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The Arab mathematician Jābir ibn Aflaḥ (12th century) was also notable for his criticism of the Ptolemaic system.
Astrology was popular in Muslim Spain, and after 788 the Umayyad rulers retained an official astrologer in their courts.
Ibn Mālik of Jaén’s didactic poem Alfiyya (“The Thousand Verses”) constitutes an excellent handbook of grammar; and Abū Ḥayyān of Granada (died 1344), who emigrated to the east, wrote an outstanding commentary on the Quʾrān as well as the first Turkish grammar.
In the field of lexicology, the blind Ibn Sīda of Denia (died 1066) is preeminent, author of a sort of “dictionary of ideas.”s (traditions referring to the Prophet) appeared, but none of these was of particular importance.
of the king Zīrī ʿAbd Allāh, who was deposed by the Almoravids and who sought to justify in those memoirs his deeds as a statesman.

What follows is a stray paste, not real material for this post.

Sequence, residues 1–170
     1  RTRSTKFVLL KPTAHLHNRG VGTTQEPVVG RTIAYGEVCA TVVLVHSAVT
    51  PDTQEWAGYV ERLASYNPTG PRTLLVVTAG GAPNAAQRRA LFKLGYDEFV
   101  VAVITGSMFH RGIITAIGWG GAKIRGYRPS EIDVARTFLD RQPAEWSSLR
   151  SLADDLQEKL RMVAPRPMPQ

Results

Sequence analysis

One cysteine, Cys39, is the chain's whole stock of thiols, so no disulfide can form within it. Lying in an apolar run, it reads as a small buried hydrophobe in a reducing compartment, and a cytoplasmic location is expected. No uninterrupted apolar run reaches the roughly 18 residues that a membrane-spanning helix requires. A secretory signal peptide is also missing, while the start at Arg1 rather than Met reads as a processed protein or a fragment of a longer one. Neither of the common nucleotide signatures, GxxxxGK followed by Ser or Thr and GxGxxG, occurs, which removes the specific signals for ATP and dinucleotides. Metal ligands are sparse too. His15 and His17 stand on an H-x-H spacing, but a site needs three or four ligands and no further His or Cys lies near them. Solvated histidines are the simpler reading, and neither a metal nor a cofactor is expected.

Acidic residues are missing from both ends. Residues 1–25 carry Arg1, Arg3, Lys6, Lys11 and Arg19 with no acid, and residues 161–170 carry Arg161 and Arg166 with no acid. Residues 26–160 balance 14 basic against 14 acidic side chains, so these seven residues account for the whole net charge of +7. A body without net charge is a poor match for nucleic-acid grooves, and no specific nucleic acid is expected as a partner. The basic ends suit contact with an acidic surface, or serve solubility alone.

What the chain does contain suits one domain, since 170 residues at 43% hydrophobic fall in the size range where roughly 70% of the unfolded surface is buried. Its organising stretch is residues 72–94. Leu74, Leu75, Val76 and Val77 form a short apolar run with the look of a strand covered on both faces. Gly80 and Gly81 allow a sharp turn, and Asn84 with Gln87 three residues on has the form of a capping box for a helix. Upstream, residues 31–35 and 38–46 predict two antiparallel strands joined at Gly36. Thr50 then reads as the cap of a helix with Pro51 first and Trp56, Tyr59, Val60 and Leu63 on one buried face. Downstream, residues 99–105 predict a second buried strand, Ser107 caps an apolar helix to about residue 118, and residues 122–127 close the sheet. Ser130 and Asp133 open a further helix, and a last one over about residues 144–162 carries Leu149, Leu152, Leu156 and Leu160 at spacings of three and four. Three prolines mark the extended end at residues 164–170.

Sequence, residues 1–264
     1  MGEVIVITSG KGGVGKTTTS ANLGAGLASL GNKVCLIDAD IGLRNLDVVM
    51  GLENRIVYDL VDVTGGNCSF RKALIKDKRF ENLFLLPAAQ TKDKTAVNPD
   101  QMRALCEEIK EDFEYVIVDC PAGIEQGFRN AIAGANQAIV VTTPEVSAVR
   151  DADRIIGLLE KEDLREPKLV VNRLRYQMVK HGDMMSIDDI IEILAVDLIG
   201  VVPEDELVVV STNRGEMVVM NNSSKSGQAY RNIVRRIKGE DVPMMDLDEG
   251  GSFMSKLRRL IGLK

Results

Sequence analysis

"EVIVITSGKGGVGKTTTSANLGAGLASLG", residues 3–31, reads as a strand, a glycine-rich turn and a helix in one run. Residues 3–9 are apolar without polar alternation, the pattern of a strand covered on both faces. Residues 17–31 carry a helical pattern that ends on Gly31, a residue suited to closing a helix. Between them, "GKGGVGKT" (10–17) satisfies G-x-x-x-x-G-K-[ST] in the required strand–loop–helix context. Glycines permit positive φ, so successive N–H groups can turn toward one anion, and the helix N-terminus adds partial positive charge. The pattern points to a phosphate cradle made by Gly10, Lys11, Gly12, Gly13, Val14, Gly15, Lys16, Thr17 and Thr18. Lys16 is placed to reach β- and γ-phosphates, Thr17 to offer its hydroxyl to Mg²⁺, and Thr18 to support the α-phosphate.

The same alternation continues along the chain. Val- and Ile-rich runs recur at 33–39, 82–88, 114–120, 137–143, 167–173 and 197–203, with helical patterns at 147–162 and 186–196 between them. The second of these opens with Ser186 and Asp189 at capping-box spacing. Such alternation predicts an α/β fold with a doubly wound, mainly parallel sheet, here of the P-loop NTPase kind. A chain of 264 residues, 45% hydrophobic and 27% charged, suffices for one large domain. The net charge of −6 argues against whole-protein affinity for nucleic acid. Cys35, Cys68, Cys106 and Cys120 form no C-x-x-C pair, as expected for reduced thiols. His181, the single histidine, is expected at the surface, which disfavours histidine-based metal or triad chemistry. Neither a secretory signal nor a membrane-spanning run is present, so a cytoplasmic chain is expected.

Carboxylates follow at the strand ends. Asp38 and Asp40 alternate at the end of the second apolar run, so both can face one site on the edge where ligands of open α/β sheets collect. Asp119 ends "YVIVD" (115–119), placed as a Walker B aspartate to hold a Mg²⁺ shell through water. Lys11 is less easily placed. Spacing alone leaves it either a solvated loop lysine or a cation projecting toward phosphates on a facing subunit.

The most important, however, was Ibn Masarrah, whose teachings drew from the 5th-century- (“The Regime of the Solitary”), which was influenced by Neoplatonism and commented on the corrupt nature of society.
Avempace’s later contemporary, Ibn Ṭufayl, court physician and adviser of the Almohad ruler Abū Yaʿqūb Yūsuf, offered a more-developed Neoplatonism in his philosophical novel, (“Alive son of Awake”).
Arab civilization in the peninsula reached its zenith when the political power of the Arabs began to decline.
Immediately following the Muslim conquest in the 8th century, there were no traces of a cultural level higher than that attained by the who lived among the Arab conquerors.